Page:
Globe iconLogin iconRecap iconSearch iconTickets icon
news

Orioles News arrow-downArrow Down icon Arrow Up icon

Holt finds right fit while wearing two hats

@JoeTrezz
January 6, 2021

In his role as the Orioles’ director of pitching, Chris Holt yo-yoed between Camden Yards and the alternate training site in Bowie, Md., as much as possible last summer. Holt functioned as a resource for the several prospects who crossed over during the course of the season. With big league

In his role as the Orioles’ director of pitching, Chris Holt yo-yoed between Camden Yards and the alternate training site in Bowie, Md., as much as possible last summer.

Holt functioned as a resource for the several prospects who crossed over during the course of the season. With big league pitching coach added to his dual title for 2021, Holt will be much more stationary, and front-facing. But his influence is set to grow in scope.

Prospect Wells 'knocking on the door' | 5 questions for O's

“My primary job is the Major League pitching staff,” Holt said on a Zoom call Wednesday. “The goal of remaining director of pitching is to have a top-down approach and make sure there’s continuity from the Minor League system. We have a great Minor League staff and outreach to every coach on the Minor League side. As far as maintaining the director role, it’s really about continuity.”

Young arms who are set to contribute to the Orioles’ big league staff in 2021 include the already-arrived like Dean Kremer (ranked by MLB Pipeline as the organization’s No. 10 prospect), Keegan Akin (No. 15) and Bruce Zimmermann, plus nearly ready prospects Michael Baumann (No. 9), Zac Lowther (No. 11) and Alexander Wells (No. 19).

Holt has risen with those arms since coming over from the Astros with Mike Elias in 2018, first as the club’s Minor League coordinator, then as director of pitching and now into the big league dugout.

Along the way, Holt was credited with modernizing the organization’s Minor League pitching program through data and technology and aiding the personal development of several of the organization’s recent success stories, including John Means. In 2019, the staffs at each of the O’s Minor League affiliates took major strides, ranking among their league’s best. Last year saw Kremer, Akin and others debut in the Majors, to considerable success. When Baumann, Lowther, Wells and, eventually, Grayson Rodriguez (Orioles' No. 2 prospect) and DL Hall (No. 4) arrive, the idea is for them to have a built-in confidant in Holt.

Though catcher Adley Rutschman, the club’s No. 1 prospect, functions as the face of the O’s revamped system, its strength is in those arms and considerable pitching depth. At the big league level, the O’s staff improved mightily in 2020, but it still ranked third worst in the Majors in ERA since the start of 2019, under former pitching coach Doug Brocail. The O’s tabbed Holt as Brocail’s replacement in November.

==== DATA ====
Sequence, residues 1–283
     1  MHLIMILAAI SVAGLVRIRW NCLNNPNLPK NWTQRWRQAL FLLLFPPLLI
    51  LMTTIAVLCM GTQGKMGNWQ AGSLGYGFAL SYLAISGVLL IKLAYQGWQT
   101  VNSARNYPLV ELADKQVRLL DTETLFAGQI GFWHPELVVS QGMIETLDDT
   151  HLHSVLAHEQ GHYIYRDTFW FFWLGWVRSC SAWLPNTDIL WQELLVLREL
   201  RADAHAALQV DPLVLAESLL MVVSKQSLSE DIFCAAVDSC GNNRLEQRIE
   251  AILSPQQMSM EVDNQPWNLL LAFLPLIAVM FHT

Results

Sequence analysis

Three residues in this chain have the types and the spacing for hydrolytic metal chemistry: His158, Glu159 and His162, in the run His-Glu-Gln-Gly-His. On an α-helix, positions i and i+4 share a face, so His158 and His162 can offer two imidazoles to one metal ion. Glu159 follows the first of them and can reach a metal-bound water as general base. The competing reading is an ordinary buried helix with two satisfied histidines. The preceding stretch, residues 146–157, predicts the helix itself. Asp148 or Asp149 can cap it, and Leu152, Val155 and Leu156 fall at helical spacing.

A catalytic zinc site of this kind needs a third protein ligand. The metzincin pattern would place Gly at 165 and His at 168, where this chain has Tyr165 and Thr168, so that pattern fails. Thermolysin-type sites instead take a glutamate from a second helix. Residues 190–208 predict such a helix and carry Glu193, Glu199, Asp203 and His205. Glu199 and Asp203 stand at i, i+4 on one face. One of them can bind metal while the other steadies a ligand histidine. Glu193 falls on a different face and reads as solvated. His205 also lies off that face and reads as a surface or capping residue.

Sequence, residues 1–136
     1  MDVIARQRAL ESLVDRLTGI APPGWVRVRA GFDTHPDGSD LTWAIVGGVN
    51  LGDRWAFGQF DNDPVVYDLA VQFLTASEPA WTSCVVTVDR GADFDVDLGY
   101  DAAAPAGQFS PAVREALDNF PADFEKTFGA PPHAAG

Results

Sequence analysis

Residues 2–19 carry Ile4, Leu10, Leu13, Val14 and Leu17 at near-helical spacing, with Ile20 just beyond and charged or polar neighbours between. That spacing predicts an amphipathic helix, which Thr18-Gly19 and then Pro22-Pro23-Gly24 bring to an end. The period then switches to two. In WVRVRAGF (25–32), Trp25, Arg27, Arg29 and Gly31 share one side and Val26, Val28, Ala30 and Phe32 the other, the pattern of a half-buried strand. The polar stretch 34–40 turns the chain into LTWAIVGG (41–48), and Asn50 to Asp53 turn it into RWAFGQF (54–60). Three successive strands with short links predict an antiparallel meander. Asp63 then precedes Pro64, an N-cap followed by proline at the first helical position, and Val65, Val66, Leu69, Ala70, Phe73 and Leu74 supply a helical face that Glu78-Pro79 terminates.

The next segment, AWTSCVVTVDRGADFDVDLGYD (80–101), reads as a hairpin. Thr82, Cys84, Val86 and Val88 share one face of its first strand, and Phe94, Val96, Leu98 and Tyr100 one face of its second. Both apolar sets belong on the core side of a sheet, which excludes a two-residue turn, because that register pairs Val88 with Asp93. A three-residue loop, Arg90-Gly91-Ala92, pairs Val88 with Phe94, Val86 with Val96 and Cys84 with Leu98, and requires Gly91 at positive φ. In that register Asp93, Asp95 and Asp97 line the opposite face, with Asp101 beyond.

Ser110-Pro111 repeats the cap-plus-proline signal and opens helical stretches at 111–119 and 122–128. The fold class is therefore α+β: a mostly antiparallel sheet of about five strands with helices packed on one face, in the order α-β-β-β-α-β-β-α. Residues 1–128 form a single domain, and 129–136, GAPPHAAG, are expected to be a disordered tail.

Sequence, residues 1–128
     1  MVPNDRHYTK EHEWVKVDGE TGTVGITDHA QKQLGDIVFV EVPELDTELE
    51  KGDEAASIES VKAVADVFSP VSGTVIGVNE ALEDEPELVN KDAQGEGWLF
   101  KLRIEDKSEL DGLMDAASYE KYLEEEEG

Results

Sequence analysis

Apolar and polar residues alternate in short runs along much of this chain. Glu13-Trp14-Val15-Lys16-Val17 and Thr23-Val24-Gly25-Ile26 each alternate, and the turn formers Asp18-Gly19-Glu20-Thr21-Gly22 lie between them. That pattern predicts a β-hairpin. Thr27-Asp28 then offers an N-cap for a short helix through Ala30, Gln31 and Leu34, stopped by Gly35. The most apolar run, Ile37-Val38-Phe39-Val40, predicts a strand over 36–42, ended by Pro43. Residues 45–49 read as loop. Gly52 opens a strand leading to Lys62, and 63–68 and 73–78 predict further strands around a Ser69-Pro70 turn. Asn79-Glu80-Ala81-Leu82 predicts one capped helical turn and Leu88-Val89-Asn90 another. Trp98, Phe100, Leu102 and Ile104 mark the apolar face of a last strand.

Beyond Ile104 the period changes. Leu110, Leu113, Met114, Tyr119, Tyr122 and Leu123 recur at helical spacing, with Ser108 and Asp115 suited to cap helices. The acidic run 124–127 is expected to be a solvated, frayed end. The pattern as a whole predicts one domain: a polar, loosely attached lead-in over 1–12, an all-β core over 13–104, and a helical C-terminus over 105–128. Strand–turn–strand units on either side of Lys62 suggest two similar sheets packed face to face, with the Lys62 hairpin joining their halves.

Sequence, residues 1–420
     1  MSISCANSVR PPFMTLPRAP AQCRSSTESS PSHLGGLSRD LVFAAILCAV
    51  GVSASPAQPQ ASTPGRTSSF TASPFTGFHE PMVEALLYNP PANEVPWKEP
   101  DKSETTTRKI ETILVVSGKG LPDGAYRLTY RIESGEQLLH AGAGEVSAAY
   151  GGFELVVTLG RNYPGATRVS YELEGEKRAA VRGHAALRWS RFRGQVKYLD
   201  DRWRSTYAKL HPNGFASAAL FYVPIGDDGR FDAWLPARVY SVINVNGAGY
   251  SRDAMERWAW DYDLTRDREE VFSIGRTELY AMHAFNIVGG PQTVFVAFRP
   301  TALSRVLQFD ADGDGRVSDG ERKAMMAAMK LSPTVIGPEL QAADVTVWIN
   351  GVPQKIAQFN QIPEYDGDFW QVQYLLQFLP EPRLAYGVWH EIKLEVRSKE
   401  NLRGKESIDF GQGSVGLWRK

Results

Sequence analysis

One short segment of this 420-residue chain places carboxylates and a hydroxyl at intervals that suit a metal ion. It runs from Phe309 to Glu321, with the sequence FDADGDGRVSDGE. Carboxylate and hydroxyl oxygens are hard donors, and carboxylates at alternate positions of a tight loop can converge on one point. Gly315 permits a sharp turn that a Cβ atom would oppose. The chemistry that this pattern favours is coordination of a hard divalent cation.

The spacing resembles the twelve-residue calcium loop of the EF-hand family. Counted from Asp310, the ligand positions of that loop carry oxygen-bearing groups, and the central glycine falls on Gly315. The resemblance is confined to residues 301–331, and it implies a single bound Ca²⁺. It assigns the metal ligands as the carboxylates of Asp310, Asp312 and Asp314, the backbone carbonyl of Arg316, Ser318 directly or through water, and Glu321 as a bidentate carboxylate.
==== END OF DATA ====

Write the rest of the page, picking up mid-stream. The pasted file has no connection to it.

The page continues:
“The important thing to remember here is the priority is our Major League pitchers and our Major League team -- winning as many games as we can in 2021 is our goal,” Holt said. “I have the ability to bring in the skill set that I have, that I’ve been working with since I’ve developed as a coach, and I’ve grown with some of these things. The goal is always to be approaching players and the game with a sense of balance between data, numbers, information and feel for the player and situation.”

If the Orioles will have an organizational pitching philosophy under Holt, he said, “We want to make sure we’re using the strengths and natural tendencies of the player himself and trying to get the most out of that player.”

“The other piece we want to make sure of at the lower levels is building a better base of skill from the outset. Some guys will come in with one or two strengths and you build as many strengths as possible. At the big league level, you’re trying to leverage as many strengths as they have.”

Holt’s responsibility is unique in the sense it requires him to consider both. His pitching coach/director of pitching title is the only one of its kind in MLB. The Orioles seem to be out ahead of a broader trend of clubs reimagining the relationship between the Major League and Minor League sides, or at least acknowledging development doesn’t stop in the bigs. The Mets, as one example, recently promoted Minor League pitching coordinator Ricky Meinhold to add big league responsibility to his job description.

Joe Trezza covers the Orioles for MLB.com. Follow him on Twitter at @JoeTrezz.